The bill also expands New York State’s existing medical marijuana and cannabinoid hemp programs. The legislation provides licensing for marijuana producers, distributors, retailers, and other “actors” in the cannabis market, and creates a social and economic equity program to assist individuals disproportionately impacted by cannabis enforcement that want to participate in the industry.

“Today, New York stepped up and took transformative action to end the prohibition of adult-use marijuana,” said Senate Majority Leader Andrea Stewart-Cousins. “This legislation is a momentous first step in addressing the racial disparities caused by the war on drugs that has plagued our state for too long. This effort was years in the making and we have finally achieved what many thought was impossible, a bill that legalizes marijuana while standing up for social equity, enhancing education and protecting public safety.”

“Passage of this bill will mean not just legalizing marijuana, but also investing in education and our communities, and it brings to an end decades of disproportionately targeting people of color under state and federal drug laws,” said Assembly Speaker Carl Heastie.

Among some of the other key components of the legislation include:

The newly established Office of Cannabis Management will be charged with enforcing a comprehensive regulatory framework governing medical, adult-use cannabinoid hemp. It will be governed by a five-member board, with three members appointed by the governor and one appointment by each house. OCM will be an independent office operating as part of the New York State Liquor Authority.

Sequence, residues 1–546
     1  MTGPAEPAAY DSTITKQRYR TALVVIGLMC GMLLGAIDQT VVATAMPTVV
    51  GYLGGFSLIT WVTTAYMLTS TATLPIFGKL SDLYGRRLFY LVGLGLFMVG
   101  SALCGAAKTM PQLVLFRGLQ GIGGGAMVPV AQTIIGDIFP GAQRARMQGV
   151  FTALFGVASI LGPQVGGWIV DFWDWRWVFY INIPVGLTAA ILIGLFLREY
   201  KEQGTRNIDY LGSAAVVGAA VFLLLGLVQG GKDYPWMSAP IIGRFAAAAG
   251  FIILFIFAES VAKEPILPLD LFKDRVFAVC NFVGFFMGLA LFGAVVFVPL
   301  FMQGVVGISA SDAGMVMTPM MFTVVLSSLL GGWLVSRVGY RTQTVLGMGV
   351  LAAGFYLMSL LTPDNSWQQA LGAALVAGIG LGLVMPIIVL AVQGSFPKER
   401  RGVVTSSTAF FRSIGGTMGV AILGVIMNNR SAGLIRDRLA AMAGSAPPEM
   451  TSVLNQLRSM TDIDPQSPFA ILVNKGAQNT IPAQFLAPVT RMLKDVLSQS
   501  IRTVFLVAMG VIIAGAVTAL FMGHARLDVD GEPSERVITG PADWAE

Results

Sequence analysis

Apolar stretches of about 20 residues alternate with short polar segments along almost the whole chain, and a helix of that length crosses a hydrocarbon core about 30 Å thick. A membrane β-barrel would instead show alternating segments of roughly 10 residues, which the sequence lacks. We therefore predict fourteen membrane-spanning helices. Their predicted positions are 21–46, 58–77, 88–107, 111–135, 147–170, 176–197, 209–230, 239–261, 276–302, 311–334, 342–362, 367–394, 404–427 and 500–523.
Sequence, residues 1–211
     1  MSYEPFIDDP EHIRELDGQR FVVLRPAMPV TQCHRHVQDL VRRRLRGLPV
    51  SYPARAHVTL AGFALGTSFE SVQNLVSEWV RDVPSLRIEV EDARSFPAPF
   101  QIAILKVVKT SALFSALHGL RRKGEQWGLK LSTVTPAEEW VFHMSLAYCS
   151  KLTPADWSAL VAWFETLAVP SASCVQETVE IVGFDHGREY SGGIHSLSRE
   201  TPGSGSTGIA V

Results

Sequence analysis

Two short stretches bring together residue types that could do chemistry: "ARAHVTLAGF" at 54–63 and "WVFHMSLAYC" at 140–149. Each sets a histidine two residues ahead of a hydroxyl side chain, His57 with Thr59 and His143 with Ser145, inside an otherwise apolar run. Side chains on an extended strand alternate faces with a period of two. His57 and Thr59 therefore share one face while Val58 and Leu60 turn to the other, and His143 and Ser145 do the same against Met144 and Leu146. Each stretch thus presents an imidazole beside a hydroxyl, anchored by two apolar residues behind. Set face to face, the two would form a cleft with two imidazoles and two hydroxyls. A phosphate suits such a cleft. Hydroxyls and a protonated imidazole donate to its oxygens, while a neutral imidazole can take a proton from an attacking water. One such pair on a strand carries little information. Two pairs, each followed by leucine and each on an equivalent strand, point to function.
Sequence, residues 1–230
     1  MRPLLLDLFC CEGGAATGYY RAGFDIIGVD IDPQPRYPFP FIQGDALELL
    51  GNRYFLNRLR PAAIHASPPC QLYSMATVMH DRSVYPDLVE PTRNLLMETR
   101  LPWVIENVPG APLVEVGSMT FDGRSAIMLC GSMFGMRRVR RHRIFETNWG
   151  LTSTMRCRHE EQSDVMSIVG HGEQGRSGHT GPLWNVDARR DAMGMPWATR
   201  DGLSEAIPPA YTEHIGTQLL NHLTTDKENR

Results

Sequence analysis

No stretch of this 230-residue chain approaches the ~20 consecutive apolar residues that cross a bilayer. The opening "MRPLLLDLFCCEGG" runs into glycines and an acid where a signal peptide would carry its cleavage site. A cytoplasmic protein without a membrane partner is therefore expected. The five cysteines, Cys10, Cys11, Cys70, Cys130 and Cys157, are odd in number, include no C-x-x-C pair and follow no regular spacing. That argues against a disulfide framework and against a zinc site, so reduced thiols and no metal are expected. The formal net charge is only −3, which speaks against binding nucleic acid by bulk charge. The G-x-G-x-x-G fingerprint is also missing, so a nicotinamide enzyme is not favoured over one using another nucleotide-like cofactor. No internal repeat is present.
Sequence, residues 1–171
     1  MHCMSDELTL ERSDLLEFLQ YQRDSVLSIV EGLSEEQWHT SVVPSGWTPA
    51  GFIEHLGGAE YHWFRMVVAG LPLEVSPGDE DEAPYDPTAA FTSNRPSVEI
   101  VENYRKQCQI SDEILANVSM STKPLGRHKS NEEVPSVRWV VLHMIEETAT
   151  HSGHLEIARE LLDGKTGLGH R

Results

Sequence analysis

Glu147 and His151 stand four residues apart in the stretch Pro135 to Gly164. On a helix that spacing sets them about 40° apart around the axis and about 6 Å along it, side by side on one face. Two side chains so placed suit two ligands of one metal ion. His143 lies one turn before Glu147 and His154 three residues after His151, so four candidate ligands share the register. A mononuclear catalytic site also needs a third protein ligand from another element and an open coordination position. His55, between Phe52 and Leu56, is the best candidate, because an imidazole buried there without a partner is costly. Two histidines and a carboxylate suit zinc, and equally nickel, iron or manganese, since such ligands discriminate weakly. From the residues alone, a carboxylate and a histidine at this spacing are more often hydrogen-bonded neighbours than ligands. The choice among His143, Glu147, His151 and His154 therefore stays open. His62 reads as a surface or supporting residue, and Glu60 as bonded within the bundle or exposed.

The legislation will allow people with a larger list of medical conditions to access medical marijuana, increase the number of caregivers allowed per patient, and permit home cultivation of medical cannabis for patients.

The legislation will create a two-tier licensing structure that will allow for a large range of producers by separating those growers and processors from also owning retail stores. The legislation creates licenses for producers and distributors, among other entities, and the legislation will implement strict quality control, public health and consumer protections.

A social and economic equity program will facilitate individuals disproportionally impacted by cannabis enforcement, including creating a goal of 50% of licenses to go to a minority or woman owned business enterprise, or distressed farmers or service-disabled veterans to encourage participation in the industry.

The bill implements a new cannabis tax structure that will replace a weight-based tax with a tax per mg of THC at the distributor level with different rates depending on final product type. The wholesale excise tax will be moved to the retail level with a 9% state excise tax. The local excise tax rate will be 4 percent of the retail price. Counties will receive 25% of the local retail tax revenue and 75%will go to the municipality.

The legislation permits the sale of hemp flower in the cannabinoid hemp program, and allows for smokable forms only when adult use retail stores are operational.